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and complex freshwater environment, attempting to establish the particular trade-offs that can occur when using these equations. In this sense, our study aims to facilitate the selection of simple spectrophotometric methods in stratified water columns when the application of more expensive procedures such as HPLC is not suitable, primarily by considering that spectrophotometric methods are the most common means of obtaining certain key limnological data. METHODS Study site Samples for pigment analysis were collected from Lake La Cruz, a meromictic karstic lake situated in a doline in Cañada del Hoyo (Cuenca, central Spain) (UTM 30 X596163 Y4427009, datum WGS84) with a surface area of 10,100 m2 and a maximum depth of 21 meters. This lake exhibits a strong thermal stratification that develops each year between April and October (Camacho et al. 2003) and a permanently anoxic monimolimnion (Vicente & Miracle, 1988; Rodrigo et al., 2000, 2001). The water samples were obtained following the procedures described in Miracle et al. (1992). The samples used for the study correspond to 12 limnological surveys conducted between December 2005 and January 2007 and include a total of 235 samples obtained throughout the vertical profile, 144 and 91 from oxic and anoxic layers, respectively (Fig. 2). Pigment extraction procedure For pigment extraction, the seston was recovered by filtering water from each depth layer through GF/F filters (Whatman 47 mm). After that, the filters were placed on corning tubes containing 5 ml of 90 % acetone (modified from Strickland & Parsons 1972). To facilitate the extraction, samples were sonicated several times. Samples were later stored at −20 ◦ C in the dark for at least 8 hours. After this, the tubes were centrifuged (3000× g for 10 min) and the pellet discarded. The supernatant was then filtered onto

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PTFE 0.2 µm filters (VWR) and processed within the following 3 hours. The spectrophotometric and HPLC determinations were made in parallel with two aliquots from the same extract. Pigment determination by VIS-spectrophotometry Spectrophotometric measurements were performed with 2 ml of filtered extract in 1 cm quartz cuvettes using a Beckman DU-7 UVVisible spectrophotometer. The scan spectra from 350 to 900 nm, with a resolution of 0.5 nm, were digitally recorded and processed. The concentrations of different photosynthetic pigments were obtained using the algorithms compiled in Table 1. Pigment determination via high-performance liquid chromatography (HPLC) To analyse pigment composition using HPLC, a 150 µl aliquot of each extract was injected into a Waters HPLC system with a Waters 996 photodiode Array Detector. To improve the separation of pigments, before injection, the aliquots were mixed with a volume of ammonium acetate (ion pairing agent) to reach a final concentration of 0.1 mM. The system was equipped with two columns (Spherisorb S5 ODS2) working in series and running for 95 min at 35 ◦ C in a methanol/ammonium acetate/acetone gradient modified from Pinckney et al. 1996 to improve separation (see gradient in Table 2). Eluted pigments were detected by a photodiode array detector at a range of absorbance of 380–800 nm. The peak identities were determined by comparing the retention times and spectra with either R or chropure standards purchased from DHI matograms acquired from pure algal or sulphur bacterial cultures. The pigment concentrations were obtained from the curves made with the standards by integrating the area under the crosssection at the wavelength of maximum absorption of each pigment. In all cases, linear correlations were measured with the intercept forced to zero. For some algae carotenoids and all bacterial pigments, concentrations were calculated us-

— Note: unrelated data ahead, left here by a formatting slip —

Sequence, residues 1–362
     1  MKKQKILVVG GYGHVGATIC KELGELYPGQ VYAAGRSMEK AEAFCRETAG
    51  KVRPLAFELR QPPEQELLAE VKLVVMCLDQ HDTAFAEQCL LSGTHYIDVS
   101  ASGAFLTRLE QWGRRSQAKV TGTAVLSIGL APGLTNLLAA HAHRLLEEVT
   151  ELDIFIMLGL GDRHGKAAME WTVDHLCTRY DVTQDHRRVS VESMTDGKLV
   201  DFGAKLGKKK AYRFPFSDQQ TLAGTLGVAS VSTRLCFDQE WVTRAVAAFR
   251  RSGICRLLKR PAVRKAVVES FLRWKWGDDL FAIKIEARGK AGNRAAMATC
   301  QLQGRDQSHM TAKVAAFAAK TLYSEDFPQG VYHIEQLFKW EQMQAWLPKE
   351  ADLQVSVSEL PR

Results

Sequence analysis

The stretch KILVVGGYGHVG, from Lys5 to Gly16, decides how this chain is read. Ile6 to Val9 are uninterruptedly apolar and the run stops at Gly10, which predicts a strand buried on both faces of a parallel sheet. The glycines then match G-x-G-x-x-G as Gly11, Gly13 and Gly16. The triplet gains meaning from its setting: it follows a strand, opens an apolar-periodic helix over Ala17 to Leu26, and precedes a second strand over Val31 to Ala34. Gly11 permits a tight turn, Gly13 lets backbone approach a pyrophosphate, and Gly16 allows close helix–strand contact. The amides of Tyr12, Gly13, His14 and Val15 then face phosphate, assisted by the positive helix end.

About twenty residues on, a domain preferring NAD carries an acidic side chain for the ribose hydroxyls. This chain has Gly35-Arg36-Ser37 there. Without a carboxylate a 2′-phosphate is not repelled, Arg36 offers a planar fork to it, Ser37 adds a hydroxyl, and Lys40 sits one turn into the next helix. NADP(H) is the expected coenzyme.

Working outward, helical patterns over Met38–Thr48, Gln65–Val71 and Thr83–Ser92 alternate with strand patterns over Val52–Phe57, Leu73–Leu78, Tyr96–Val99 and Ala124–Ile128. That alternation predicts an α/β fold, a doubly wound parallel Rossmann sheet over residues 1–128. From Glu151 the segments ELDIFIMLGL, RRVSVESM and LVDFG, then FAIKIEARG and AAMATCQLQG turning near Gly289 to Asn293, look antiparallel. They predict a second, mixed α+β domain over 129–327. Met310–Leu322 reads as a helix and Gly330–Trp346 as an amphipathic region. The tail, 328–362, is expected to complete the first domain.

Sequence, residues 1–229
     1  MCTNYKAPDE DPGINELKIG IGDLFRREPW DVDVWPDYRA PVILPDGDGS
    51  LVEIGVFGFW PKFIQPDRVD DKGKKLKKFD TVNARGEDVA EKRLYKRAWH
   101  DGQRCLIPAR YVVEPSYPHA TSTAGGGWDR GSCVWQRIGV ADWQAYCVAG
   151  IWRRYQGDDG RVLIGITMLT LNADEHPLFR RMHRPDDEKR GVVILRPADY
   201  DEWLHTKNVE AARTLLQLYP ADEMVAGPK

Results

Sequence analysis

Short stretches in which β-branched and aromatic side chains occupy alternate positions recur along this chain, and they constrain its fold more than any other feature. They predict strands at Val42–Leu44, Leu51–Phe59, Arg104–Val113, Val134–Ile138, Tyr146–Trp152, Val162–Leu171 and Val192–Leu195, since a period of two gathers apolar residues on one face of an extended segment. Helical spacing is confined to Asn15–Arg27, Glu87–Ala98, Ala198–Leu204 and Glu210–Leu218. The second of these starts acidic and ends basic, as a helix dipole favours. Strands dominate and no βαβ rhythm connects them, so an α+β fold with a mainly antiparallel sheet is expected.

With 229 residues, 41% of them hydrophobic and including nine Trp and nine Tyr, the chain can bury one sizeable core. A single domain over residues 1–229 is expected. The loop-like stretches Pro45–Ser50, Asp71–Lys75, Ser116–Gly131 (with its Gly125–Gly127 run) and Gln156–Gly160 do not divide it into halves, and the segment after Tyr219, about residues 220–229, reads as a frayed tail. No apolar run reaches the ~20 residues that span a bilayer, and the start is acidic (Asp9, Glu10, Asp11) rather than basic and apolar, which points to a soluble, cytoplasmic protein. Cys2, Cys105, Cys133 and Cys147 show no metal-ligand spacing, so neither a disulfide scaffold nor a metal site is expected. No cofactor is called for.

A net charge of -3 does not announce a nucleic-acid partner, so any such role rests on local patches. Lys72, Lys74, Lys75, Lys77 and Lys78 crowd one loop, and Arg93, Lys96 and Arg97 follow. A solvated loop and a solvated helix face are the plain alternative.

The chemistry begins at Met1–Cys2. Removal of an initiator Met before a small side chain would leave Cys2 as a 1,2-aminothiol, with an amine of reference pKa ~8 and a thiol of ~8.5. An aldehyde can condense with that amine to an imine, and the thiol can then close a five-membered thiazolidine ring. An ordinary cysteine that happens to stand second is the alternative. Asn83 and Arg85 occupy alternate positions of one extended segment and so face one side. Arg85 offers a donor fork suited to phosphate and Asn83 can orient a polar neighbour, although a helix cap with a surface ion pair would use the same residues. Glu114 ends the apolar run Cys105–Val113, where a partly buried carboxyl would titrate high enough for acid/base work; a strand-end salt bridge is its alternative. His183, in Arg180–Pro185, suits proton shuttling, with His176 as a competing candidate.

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Table 2. Solvent gradient applied for HPLC measurements (after Pinckney et al., 1996). Gradientes de los diferentes solventes aplicados en las medidas por HPLC (según Pinckney et al., 1996). Time (min)

Flow (ml min−1 )